But they are real, and that’s what’s so great!
Obviously you’re already looking at one of them above: it’s a view of Pluto captured after New Horizons had already made its closest pass over Pluto on July 14 and was moving into its night side, giving a literally unprecedented perspective of the planet in backlit detail. With this low-angle lighting Pluto’s surface features are emphasized and its multi-layered atmospheric haze is highlighted in amazing detail.
Incredible, right? Well, get an even better look in the next one:
If you thought this was a model sculpted for a science-fiction film, I’d forgive you… but it’s totally real! In this closer view, which spans an area of about 230 miles (380 km) across, Pluto’s 11,000-foot-high Norgay Montes cast long shadows and reflect light into the low-level fog while the frozen Sputnik Planum stretches off to the horizon at right. Banding in Pluto’s nitrogen atmosphere can be made out, not unlike what has been seen in Titan’s high-level haze (although with very different compositions and processes.)
Let me sum up what we’re looking at here: this is sunset in the mountains of PLUTO!
“This image really makes you feel you are there, at Pluto, surveying the landscape for yourself,” said New Horizons Principal Investigator Alan Stern. “But this image is also a scientific bonanza, revealing new details about Pluto’s atmosphere, mountains, glaciers and plains.”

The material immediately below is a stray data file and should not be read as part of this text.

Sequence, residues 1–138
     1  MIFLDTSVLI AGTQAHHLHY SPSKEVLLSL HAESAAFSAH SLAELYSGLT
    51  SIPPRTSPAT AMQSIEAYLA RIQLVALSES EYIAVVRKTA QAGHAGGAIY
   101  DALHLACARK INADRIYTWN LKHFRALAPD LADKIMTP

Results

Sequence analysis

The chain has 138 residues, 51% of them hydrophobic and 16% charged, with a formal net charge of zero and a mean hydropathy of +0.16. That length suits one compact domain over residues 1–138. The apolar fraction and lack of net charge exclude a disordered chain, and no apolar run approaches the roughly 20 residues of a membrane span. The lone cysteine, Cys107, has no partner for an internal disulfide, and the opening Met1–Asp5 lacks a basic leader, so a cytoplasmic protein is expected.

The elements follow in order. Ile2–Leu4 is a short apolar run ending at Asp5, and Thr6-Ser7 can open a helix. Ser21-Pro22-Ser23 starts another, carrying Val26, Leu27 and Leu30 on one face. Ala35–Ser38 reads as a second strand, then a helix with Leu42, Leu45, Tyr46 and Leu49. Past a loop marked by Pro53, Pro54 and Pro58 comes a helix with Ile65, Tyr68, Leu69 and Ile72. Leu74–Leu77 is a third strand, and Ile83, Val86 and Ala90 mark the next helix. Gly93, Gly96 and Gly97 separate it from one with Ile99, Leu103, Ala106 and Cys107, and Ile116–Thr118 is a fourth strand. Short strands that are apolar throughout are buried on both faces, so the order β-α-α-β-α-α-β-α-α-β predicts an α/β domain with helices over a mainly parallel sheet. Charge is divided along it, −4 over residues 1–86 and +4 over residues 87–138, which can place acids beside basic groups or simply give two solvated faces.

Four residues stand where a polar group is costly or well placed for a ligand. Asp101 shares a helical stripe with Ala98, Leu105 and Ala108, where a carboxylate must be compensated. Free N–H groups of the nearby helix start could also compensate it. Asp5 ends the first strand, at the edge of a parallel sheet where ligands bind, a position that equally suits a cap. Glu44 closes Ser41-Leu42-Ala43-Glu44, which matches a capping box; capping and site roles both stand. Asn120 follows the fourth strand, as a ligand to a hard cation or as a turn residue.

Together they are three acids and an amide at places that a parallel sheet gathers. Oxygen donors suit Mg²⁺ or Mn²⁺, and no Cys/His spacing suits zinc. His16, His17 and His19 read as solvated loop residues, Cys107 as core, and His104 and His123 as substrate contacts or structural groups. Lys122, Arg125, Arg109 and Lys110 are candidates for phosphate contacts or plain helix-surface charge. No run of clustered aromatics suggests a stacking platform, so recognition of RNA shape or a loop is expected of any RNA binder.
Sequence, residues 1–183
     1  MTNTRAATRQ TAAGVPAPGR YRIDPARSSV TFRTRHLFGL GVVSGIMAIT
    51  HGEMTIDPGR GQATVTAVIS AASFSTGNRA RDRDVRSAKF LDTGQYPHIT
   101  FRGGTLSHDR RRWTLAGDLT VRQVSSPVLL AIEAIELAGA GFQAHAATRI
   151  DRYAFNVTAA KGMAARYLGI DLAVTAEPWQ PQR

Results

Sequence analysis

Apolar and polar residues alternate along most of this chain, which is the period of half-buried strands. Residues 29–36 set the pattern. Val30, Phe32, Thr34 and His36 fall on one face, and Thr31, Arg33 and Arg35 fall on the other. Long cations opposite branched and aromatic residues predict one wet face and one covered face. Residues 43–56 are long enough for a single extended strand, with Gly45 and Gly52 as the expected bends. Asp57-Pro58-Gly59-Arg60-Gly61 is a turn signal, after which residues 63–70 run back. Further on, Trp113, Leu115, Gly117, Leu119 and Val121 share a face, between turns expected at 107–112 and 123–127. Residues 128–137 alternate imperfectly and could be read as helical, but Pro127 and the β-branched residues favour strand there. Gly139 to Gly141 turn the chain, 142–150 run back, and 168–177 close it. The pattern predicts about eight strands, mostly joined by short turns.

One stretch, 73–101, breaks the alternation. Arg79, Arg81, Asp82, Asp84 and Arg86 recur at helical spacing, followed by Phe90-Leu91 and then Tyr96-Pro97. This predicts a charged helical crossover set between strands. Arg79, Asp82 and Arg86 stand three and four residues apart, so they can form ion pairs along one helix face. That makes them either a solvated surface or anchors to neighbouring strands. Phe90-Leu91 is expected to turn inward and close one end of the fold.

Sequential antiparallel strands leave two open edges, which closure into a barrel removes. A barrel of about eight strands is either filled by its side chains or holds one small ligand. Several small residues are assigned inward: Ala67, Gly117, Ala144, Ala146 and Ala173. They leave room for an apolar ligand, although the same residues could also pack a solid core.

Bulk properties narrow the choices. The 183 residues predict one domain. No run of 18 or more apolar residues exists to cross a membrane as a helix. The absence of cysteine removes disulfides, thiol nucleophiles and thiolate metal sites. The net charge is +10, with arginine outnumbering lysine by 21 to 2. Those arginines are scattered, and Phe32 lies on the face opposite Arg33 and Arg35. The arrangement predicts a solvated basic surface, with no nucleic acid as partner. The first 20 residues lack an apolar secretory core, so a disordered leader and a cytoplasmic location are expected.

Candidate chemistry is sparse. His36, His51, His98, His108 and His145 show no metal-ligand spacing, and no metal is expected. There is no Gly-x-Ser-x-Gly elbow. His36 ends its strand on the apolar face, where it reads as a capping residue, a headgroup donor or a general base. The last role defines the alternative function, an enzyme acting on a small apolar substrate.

In another image shadows cast by Pluto’s mountains extend through a foggy atmosphere. There’s a lot going on both on Pluto’s surface as well as above it!
“Pluto is showing us a diversity of landforms and complexity of processes that rival anything we’ve seen in the solar system. If an artist had painted this Pluto before our flyby, I probably would have called it over the top — but that’s what is actually there.”
— Dr. Alan Stern, New Horizons Principal Investigator, Southwest Research Institute
The images were acquired with New Horizons’ wide-angle Ralph/Multispectral Visual Imaging Camera (MVIC) and were received on Earth on Sept. 13. With the relatively slow bandwidth speed of the spacecraft’s transmitter and the enormous distance between it and Earth (33 times farther away from the Sun and increasing daily) it will take over a year to downlink all of New Horizons’ data from its flyby. But, as these pics show, it’ll be worth the wait!
In addition to the stunning views above a new high-resolution image has also arrived of Pluto’s 750-mile-wide moon Charon, captured by New Horizons about 10 hours before its close pass by Pluto. In this new version, details on Charon’s surface are resolved down to 2.9 miles (4.6 km).
See more images from the New Horizons mission to Pluto and into the Kuiper Belt here.
Source: New Horizons/SwRI/NASA HT to Alex Parker for the hi-res.
*Update: here’s an even closer look, made by cropping and enlarging the MVIC image above. Enhance!!!